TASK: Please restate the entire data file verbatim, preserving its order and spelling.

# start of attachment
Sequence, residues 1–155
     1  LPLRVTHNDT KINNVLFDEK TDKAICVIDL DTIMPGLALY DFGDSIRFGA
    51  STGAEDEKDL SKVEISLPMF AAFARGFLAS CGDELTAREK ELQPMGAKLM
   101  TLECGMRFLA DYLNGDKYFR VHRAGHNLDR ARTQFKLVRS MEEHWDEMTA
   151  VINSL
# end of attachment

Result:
Sequence, residues 1–155
     1  LPLRVTHNDT KINNVLFDEK TDKAICVIDL DTIMPGLALY DFGDSIRFGA
    51  STGAEDEKDL SKVEISLPMF AAFARGFLAS CGDELTAREK ELQPMGAKLM
   101  TLECGMRFLA DYLNGDKYFR VHRAGHNLDR ARTQFKLVRS MEEHWDEMTA
   151  VINSL